It makes me sad to think of how divisive our country has become. I challenge everyone to get a little uncomfortable and step a little closer to someone who is not like you. It might surprise you how much you can learn from each other and how healing that can be. Let’s be intentional about sharing our space. And let’s be honest, that space in the aisle wasn’t even “mine” to begin with!

So while we are at it, let’s drop all our prideful feelings of entitlement and just meet each other where we are at. We must stop the judgement. My judgmental thought was “if the lawn people had been more responsible and bought a seat ticket, they wouldn’t be soaking wet on the lawn.” Yes, that is true…but it doesn’t mean I deserved to have shelter and they didn’t. This judgmental thinking has suffocated our ability to be compassionate…it has also made us numb and desensitized.

This judgmental thinking says things like this:

“Well, if the black man would have just put his hands up and listened to the cop, maybe he wouldn’t have gotten shot and killed…”

“Well, if that cop wasn’t so poorly trained and racist, maybe he wouldn’t have shot the unarmed innocent black man…”

“Well, if that addict would just stop using and get it together, maybe they wouldn’t be such a mess anymore…”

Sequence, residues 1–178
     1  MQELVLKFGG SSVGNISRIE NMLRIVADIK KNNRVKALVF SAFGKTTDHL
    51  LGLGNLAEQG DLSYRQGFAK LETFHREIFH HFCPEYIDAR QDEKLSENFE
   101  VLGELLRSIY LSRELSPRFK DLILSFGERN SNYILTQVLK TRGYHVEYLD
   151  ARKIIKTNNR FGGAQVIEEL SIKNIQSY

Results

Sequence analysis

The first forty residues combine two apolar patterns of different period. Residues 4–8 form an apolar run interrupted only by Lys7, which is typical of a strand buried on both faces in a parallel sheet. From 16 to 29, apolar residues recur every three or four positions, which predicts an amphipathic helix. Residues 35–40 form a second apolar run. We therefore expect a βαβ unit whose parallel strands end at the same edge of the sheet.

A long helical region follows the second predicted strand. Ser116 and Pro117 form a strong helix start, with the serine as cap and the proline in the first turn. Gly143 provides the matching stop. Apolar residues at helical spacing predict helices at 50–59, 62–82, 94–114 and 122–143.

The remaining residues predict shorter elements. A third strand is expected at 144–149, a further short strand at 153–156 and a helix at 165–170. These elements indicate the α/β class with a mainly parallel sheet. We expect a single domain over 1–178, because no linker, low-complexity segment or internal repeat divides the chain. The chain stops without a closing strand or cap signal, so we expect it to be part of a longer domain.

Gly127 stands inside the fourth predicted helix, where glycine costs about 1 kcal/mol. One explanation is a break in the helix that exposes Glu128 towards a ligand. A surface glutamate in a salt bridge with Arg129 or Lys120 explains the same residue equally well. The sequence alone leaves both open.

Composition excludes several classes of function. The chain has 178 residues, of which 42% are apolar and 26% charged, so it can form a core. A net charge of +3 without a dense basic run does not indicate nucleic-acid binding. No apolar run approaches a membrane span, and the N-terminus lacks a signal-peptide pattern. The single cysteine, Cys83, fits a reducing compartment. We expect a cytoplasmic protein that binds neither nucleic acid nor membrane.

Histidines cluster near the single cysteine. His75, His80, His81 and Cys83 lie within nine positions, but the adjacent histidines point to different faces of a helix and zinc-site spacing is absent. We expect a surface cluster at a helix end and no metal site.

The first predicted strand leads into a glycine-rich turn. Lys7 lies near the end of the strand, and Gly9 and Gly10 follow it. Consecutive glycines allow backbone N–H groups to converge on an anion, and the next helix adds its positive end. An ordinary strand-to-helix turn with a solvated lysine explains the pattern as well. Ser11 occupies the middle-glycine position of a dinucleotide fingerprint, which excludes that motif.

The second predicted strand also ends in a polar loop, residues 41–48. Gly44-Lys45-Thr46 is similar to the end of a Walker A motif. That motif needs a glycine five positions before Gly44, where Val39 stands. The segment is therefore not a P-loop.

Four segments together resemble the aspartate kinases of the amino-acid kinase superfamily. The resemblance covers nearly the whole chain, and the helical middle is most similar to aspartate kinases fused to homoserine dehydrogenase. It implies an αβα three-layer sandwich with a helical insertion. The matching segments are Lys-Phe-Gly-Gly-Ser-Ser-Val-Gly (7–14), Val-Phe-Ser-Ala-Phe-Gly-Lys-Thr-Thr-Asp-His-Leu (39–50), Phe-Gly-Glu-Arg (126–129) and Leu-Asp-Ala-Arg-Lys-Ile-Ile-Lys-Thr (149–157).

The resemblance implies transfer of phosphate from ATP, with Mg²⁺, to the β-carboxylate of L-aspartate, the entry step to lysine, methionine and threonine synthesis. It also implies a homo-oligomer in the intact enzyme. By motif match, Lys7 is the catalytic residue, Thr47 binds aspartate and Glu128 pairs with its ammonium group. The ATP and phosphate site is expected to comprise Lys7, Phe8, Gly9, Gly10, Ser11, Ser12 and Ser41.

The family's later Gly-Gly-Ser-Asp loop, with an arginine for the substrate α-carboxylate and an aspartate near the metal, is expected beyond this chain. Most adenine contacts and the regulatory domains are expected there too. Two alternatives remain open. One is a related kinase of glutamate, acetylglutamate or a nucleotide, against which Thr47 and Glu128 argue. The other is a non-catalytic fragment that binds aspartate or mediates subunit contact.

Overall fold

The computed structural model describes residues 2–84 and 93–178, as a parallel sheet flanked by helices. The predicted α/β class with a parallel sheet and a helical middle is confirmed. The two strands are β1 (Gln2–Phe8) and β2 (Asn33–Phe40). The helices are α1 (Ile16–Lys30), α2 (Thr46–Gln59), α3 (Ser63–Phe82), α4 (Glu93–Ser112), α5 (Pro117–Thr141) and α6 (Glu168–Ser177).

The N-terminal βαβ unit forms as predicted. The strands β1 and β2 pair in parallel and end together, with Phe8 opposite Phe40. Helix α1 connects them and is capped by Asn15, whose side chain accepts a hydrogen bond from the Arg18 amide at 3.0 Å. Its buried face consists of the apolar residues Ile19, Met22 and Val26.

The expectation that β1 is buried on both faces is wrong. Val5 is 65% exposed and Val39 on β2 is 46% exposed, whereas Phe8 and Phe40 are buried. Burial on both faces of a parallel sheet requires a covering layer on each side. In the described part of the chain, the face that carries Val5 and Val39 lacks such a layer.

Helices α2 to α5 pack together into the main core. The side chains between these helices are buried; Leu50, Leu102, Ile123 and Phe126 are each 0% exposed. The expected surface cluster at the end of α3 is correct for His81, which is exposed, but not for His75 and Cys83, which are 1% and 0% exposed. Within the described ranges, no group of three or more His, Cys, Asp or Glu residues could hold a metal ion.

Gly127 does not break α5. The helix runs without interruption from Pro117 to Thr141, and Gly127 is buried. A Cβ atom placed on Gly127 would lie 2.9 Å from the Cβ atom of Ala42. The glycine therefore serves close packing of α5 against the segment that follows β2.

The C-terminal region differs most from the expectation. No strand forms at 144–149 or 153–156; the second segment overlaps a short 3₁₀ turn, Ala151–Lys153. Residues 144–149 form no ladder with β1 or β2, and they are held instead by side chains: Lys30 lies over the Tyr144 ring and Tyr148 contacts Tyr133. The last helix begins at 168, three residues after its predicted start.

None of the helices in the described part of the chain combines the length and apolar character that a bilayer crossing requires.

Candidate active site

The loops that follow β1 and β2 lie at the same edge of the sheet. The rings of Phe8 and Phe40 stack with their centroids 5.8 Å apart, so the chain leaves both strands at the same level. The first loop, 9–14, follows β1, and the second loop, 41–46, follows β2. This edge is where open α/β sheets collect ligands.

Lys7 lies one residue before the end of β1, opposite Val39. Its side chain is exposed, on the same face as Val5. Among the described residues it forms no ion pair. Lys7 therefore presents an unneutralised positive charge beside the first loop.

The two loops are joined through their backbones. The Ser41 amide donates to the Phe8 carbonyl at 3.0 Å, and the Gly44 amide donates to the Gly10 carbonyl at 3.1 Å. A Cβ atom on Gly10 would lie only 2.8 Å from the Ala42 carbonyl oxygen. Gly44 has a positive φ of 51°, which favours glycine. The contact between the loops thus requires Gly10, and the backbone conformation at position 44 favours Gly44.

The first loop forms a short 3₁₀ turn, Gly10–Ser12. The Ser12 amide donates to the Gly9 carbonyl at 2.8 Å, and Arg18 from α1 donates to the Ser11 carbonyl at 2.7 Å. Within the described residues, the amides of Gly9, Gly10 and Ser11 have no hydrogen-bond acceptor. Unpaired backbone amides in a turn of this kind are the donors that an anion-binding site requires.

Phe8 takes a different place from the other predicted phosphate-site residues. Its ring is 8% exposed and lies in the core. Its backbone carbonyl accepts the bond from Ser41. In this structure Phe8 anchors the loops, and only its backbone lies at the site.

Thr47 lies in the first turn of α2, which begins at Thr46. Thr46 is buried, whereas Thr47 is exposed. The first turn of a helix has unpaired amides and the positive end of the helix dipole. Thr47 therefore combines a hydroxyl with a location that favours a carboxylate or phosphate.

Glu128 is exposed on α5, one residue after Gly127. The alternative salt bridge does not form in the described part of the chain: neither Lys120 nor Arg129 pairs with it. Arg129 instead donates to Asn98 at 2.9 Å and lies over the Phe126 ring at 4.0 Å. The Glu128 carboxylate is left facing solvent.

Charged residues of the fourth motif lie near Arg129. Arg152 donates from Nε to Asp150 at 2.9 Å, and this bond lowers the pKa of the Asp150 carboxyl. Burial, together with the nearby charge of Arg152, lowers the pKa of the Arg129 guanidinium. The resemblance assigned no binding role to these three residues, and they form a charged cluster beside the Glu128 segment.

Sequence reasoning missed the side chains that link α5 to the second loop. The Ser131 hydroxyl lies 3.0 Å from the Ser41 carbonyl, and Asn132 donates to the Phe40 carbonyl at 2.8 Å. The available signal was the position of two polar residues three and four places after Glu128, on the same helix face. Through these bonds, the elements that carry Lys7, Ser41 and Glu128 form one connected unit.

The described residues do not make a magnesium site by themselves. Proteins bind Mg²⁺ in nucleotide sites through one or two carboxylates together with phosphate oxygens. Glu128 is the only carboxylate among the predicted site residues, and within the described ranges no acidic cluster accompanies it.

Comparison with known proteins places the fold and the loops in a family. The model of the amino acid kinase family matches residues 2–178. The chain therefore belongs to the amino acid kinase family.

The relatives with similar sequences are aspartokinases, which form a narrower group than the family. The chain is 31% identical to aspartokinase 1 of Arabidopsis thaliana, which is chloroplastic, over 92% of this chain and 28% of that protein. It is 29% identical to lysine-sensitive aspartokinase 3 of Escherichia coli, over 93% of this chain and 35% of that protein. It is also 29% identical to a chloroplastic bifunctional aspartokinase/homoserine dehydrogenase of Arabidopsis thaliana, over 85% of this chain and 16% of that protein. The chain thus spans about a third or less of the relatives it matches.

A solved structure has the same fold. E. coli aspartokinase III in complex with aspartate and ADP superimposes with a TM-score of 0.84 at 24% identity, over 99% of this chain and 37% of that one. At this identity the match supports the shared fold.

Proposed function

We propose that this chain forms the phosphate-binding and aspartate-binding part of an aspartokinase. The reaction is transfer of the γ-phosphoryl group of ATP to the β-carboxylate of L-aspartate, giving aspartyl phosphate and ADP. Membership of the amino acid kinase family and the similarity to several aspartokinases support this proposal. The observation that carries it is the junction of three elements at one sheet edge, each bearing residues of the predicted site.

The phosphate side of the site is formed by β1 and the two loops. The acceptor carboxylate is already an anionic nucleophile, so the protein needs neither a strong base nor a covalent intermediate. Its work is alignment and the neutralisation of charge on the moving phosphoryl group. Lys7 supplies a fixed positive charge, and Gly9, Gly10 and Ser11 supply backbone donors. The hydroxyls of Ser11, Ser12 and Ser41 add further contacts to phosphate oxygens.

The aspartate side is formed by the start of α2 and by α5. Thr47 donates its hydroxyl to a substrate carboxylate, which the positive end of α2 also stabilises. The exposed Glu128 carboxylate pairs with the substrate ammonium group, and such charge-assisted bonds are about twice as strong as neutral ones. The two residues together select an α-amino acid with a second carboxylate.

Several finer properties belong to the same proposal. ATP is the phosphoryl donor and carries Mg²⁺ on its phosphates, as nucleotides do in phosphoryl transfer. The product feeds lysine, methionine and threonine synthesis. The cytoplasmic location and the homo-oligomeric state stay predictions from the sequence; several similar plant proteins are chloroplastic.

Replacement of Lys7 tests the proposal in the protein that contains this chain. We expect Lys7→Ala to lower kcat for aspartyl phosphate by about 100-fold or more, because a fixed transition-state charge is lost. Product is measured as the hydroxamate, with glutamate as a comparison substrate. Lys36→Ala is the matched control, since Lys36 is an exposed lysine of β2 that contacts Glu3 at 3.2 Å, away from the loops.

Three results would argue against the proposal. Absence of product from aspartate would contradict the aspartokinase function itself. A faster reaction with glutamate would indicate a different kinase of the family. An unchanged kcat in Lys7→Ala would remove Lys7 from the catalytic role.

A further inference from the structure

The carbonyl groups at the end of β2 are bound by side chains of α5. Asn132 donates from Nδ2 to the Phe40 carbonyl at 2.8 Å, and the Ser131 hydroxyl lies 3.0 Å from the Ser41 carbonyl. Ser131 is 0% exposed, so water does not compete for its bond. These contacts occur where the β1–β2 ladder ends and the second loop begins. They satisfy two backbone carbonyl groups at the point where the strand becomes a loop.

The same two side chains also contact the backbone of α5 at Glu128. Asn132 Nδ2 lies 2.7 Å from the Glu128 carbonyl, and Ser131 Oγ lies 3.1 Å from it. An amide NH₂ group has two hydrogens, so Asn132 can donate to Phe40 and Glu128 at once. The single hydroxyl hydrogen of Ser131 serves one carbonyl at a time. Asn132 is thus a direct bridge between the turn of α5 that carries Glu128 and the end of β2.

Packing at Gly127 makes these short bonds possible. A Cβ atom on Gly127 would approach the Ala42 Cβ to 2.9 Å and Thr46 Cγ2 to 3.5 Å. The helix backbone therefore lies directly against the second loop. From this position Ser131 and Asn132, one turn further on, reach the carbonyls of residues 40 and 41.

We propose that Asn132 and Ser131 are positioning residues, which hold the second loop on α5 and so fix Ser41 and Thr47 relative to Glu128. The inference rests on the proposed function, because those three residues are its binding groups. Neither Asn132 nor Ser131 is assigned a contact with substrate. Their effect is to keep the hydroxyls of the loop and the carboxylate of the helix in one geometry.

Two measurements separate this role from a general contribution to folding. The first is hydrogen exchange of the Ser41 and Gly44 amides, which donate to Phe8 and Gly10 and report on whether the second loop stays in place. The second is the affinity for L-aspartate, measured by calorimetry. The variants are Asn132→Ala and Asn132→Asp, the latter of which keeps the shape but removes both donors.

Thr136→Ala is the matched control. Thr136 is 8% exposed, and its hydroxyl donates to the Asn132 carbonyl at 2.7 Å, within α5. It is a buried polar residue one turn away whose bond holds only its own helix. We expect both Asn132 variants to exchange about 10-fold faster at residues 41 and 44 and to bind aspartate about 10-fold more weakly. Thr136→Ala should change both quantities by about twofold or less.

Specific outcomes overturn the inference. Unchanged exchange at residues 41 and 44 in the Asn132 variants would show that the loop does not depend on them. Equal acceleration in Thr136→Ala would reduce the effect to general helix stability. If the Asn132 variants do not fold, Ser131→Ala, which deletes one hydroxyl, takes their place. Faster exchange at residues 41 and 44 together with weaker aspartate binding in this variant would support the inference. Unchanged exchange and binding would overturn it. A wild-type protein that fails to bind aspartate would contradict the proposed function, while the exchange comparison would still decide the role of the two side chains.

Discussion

“Well, if that gay person really loved God they would turn from their “sinful” ways and be healed…”

“Well, if that parent had just been watching their kid more closely, that accident wouldn’t have happened and their child would still be alive…”

“Well, if his wife had paid more attention to him maybe he wouldn’t have cheated and left her alone…”

And all of those statements sound like this…..

“Well, if that person would just listen to my view and realize that I know everything, then maybe we wouldn’t be having this argument…”

See what I mean about losing our ability to be compassionate? We stand back from a distance and make these judgmental assumptions that bring us all further away from love and freedom. Let’s come close again and share our space. Sharing space and coming close brings more understanding and we all desire to be understood. We all just want shelter from the storm….and lately in this Country; it feels like it has been storming for months.

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I AM GAY: The Church’s Response and How Love Wins Every Time

As the year comes to a close I find myself being introspective and digging deeper into areas of my life that I have tried to cover up and forget about. It hurts to uncover wounds and sometimes it is easier to ignore them. However, those wounds start to fester when not treated properly and before you know it they have spread throughout your body and created bitterness, pain, resentment and fear. It is time to clean those wounds and get my spirit well again.

The source of the wounds… Well, it is not that I am gay and that I am a believer in God. The source is the response and actions of “Christians.” I’m not interested in getting into a theological debate, but I just need to share my real life experience with this.